Versatility, mobility and loyalty: those are the themes of this new edition of Aloha Update from NFS Technology
Versatility in the way Aloha handles so many aspects of point of sale, from fine dining to fast food, taking in the traditional coffee shop experience on the way.
Mobility in the way today’s generation of waiters are using the latest hand-held devices for taking orders and relaying them wirelessly to the kitchen.
Loyalty in the way Aloha’s loyalty card system is generating new customers and keeping them coming back for more.
We live in a changing world where technology is becoming increasingly more acceptable even in the intimacy of a fine dining restaurant. The challenge for restauranteurs, however, is how to use the latest technology to enhance the customer experience without it becoming intrusive.
Restaurant owners report that customers today are growing more comfortable with having their orders taken electronically. Diners see the benefits of accuracy, speed of service, speed of delivery and the avoidance of error. At the same time, the restauranteur sees the opportunities for upselling.
Today’s waiter, using a hand-held device tableside, can offer so much more than if he or she were using a paper-based system.
Example: A diner asks for a dish that includes chilli, but asks if he can have a little extra, not green chilli because he doesn’t like that, extra red chilli please. The waiter can make amendments as detailed as that on his hand-held device and relay it straight to the kitchen. The diner is served his dish just the way he likes it. The result – one satisfied customer.
Mobility came of age for Aloha with the introduction of the TIM (Time is Money) app for the iPod Touch, iPhone and iPad. It released its restriction to Windows-based hardware, making the solution truly mobile. But it also presented its own challenges.
For some, the iPod Touch was not robust enough for the hospitality market. Others felt that the iPod and iPhone were too small, while the iPad was too large for the purpose. Problems with wi-fi also presented themselves with so much conflicting traffic in a restaurant from diners browsing and emailing as they ate.
The introduction of the iPad Mini from Apple – 23% thinner, 53% lighter, and with a 7.9inch screen – has addressed the size problem for some. But for others, there’s now a new player in town…
Fully integrated with Aloha, the Orderman Sol is a hand-held device that has been developed specifically for the hospitality industry. It offers a brilliant colour display, a graphical user interface and a dual processor system for outstanding reliability and performance.
With a similar user interface to that of the iPod Touch, the Sol is robust, intuitive, easy to learn, easy to use, and it uses the RF frequency in place of wi-fi. In this way it prevents interference between waiter and kitchen from diners using their own wi-fi devices in the vicinity.
Orderman Sol utilises the most advanced display technology available on the market with a 4.3-inch display offering sharp colours and vivid contrasts, readable under any conditions. The freely configurable touch screen makes it easy to enter orders at a touch.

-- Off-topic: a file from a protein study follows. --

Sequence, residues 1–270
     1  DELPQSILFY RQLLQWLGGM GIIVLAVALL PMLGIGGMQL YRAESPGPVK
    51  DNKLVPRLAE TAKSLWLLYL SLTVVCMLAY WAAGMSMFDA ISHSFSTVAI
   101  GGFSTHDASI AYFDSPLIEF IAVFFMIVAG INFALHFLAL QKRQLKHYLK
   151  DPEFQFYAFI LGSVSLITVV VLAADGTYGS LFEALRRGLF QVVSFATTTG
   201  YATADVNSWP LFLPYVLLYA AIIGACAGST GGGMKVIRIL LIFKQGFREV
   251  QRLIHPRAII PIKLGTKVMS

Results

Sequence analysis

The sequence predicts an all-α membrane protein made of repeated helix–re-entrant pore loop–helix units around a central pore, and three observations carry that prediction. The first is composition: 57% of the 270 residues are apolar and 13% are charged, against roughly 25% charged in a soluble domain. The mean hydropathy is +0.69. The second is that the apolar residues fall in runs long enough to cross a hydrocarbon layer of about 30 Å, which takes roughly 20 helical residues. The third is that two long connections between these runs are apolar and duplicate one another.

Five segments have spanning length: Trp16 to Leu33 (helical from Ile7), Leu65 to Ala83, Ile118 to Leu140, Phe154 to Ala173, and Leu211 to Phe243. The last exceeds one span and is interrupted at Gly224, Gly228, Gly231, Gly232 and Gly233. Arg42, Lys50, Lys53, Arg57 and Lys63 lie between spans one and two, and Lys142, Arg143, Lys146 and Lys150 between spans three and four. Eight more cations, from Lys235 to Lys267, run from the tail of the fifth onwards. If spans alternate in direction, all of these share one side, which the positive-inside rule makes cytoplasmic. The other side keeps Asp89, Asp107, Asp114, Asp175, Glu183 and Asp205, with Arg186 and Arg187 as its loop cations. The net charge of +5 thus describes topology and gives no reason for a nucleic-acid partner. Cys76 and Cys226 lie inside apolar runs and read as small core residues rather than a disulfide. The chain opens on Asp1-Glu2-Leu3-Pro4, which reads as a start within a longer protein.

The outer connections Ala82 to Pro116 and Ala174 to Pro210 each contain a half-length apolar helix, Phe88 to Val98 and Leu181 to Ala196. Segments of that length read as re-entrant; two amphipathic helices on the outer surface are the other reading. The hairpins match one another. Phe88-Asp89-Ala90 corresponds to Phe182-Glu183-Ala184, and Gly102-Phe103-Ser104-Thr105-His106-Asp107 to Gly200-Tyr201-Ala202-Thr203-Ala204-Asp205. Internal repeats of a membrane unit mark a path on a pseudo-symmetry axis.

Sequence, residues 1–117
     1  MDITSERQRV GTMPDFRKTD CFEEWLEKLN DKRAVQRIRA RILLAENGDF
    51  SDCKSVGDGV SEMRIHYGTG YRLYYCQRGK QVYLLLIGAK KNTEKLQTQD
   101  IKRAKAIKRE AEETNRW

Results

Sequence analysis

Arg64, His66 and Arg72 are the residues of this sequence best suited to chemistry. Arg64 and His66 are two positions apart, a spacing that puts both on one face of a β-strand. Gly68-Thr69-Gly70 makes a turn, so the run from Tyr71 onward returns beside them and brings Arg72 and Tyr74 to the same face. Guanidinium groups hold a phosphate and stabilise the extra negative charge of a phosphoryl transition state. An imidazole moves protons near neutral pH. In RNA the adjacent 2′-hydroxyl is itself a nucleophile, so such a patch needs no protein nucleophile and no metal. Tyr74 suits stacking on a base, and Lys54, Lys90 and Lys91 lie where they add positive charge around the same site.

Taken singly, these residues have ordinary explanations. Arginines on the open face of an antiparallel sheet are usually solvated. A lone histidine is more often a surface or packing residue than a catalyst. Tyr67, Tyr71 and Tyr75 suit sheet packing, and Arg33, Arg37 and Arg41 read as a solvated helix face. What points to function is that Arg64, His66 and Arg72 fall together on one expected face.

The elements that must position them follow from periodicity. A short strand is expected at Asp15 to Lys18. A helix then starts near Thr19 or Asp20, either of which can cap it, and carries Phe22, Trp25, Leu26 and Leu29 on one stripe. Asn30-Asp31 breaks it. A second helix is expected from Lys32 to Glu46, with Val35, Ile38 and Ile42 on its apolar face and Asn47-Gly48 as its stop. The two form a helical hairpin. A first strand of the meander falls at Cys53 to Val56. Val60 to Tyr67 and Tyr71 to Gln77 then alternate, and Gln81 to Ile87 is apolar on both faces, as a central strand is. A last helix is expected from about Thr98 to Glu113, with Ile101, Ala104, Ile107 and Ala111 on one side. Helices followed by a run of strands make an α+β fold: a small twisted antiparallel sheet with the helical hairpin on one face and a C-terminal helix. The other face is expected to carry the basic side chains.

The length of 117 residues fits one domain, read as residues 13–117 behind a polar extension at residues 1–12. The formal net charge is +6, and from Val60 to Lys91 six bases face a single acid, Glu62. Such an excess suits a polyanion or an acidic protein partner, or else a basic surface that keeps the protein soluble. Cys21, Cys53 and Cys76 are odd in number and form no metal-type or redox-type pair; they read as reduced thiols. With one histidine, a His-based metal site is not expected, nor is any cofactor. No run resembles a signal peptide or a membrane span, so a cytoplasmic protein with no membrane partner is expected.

A second model, the Sol +, offers the added advantage of a Bluetooth interface, a belt printer connector and ordercard option.
Orderman do not sell the Sol products direct to end users, preferring to work through business partners. The devices are available now from NFS. Watch for more details in future editions of Aloha Update.
Mobile technology in a restaurant does not begin and end with the way staff use it to improve service. Technology is there too in the hands of the customers and, in the wrong hands, it can be to the detriment of the restaurant.
With so many of us connected 24/7, social media drives our experiences of life into the public domain. If a customer has a complaint against food or service, a quick tweet will tell all his or her followers on Twitter. In no time at all, the restaurant has been maligned – whether fairly or unfairly – and the customer has disappeared before the restauranteur has the opportunity to reconcile the issue.
To address that, Aloha now has a social media component which monitors tweets. If anything in a tweet is seen to have a negative impact on a particular client, a timely alert is sent to the relevant staff.
In this way, if a customer has a problem with his or her dining experience and decides to tweet about it, the restauranteur has the chance to learn about the problem and put it right on the spot before any lasting damage might be done.
The versatility of Aloha makes it the ideal EPOS solution for all types of restaurant. Here’s how just two different types of establishment are putting it to work.
Quilon: Where Technology and Fine Dining Go Hand In Hand
Quilon is London’s only Michelin starred South Indian restaurant, priding itself on creating experimental Indian dishes, complemented by fine speciality beers and an exceptional wine list that has won the Wine Spectator’s prestigious Award of Excellence. The restaurant has retained its Michelin Star five years running.